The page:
I first tried to write this book in 1985, just over a year after I had left South Africa, when I was still very young, at twenty-four, and clogged with emotion. The only way I could escape military conscription, without spending six years in jail, was to leave the country, seemingly forever. I arrived in England as a lost and lonely post-graduate student and, inbetween writing for the New Musical Express, I took an MA in International Journalism at City University in London. One of the tasks of that year-long course was to write a 10,000 word thesis – and I chose political exile as my uncertain subject.
My senior lecturer liked it enough to send it to Juliet Gardner – who was then an editor at Weidenfeld & Nicolson. She is now a respected historical writer and documentary maker. Juliet offered me a small advance to write a book about my experiences as a white South African boy growing up in suburbia before becoming a wayward English teacher in Soweto.
In those long-gone days before email, I used to write sample chapters on a small blue typewriter. I would then post them to Juliet.
At our third meeting she pointed out, quietly and gently, that I always wrote about "the book" in inverted commas. It was clear, as much to me as Juliet, that I didn't really believe in "the book". It was as much a mythical construct as an overblown exercise in confused writing.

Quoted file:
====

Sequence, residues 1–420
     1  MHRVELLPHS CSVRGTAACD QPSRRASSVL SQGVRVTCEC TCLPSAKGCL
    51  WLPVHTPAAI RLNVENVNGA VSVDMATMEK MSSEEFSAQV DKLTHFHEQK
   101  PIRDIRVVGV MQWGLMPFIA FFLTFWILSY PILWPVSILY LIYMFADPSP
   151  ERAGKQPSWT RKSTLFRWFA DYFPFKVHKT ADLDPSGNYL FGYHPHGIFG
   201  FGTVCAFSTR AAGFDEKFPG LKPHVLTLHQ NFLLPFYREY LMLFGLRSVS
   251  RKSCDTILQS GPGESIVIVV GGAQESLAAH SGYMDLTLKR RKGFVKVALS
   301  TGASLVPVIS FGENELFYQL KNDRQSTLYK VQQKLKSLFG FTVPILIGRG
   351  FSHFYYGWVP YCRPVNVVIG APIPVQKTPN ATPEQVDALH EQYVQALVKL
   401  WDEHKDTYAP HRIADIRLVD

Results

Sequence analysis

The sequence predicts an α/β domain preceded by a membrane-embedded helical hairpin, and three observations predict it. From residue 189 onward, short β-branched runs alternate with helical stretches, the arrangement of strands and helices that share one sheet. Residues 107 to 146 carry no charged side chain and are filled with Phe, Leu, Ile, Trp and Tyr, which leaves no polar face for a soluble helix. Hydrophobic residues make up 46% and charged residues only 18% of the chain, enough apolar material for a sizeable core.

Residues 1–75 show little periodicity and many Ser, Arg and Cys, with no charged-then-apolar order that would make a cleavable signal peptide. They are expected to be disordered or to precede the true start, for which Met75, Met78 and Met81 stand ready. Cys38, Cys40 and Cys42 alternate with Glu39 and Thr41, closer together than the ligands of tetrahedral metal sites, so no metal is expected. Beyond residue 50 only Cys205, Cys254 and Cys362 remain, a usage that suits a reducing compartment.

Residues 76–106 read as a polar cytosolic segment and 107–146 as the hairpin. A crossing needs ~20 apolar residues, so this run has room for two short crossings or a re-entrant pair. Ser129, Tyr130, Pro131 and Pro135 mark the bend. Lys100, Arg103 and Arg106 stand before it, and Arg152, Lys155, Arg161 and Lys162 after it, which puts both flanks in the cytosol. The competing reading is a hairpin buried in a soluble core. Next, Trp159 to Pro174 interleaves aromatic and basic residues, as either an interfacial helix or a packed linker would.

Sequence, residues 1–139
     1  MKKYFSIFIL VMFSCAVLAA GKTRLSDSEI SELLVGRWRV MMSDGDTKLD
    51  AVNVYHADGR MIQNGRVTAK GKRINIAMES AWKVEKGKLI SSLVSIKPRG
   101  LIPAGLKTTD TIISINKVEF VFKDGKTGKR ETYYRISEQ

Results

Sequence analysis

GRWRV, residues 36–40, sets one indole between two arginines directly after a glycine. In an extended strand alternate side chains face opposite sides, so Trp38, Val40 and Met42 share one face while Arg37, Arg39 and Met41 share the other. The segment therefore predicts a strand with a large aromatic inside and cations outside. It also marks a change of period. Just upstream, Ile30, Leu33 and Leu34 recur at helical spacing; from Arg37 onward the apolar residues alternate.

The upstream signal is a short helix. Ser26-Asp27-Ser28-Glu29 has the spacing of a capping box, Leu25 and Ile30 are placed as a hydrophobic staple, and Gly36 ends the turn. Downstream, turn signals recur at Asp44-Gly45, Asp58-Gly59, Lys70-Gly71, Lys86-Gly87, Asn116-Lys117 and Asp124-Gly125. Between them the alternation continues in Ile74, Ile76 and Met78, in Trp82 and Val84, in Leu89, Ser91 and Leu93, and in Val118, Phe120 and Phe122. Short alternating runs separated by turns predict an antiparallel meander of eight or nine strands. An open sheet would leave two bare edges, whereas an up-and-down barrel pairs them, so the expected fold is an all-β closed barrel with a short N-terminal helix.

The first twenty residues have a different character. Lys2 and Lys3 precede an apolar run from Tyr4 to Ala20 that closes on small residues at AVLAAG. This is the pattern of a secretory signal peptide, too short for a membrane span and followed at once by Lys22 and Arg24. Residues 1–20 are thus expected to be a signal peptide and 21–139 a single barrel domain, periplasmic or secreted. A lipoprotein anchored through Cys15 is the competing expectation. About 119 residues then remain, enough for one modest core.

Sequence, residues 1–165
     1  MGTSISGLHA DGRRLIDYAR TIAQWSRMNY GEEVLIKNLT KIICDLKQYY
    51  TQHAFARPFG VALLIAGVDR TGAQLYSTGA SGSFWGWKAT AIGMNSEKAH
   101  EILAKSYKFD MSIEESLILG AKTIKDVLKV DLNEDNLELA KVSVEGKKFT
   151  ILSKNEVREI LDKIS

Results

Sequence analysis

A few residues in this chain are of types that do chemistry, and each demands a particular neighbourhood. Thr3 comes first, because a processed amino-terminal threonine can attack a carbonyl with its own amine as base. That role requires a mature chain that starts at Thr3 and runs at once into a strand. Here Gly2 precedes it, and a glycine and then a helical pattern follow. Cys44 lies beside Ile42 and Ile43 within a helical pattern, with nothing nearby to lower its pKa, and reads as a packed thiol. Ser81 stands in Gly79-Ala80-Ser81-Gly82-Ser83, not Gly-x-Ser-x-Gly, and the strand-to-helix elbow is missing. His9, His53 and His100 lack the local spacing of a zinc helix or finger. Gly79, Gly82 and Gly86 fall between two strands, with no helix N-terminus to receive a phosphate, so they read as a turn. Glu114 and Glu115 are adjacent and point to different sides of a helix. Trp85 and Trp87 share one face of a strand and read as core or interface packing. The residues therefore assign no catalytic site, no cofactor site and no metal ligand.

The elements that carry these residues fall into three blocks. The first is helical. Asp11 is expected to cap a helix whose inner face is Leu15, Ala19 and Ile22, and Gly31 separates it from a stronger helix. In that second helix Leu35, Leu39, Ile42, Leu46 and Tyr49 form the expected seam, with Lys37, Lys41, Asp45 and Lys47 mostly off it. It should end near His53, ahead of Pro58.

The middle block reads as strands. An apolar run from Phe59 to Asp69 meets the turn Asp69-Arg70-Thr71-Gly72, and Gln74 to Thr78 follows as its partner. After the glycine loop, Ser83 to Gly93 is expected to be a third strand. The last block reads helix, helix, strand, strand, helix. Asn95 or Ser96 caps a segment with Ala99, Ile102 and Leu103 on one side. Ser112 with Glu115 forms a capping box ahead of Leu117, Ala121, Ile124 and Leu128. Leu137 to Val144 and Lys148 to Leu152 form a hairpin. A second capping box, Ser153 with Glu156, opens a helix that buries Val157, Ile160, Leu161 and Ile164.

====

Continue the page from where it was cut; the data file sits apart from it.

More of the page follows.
She softened my disappointment by refusing my returned advance. I was allowed to keep the £750, which then represented 50% of my regal fee as a failed first-time author, and encouraged to keep writing.
"You'll write this book one day," Juliet promised me.
Under Our Skin, published twenty-seven years later, is about my father and me, and how he and my mother had done some heroic work against apartheid, in contrast to my melodramatic ravings. It is also about the detention of two doctors, Neil Aggett and Liz Floyd, which had affected me so much – especially when Neil became the only white South African to die in detention early in 1982. Finally, it is a book of departure, as I left my family home and South Africa forever.
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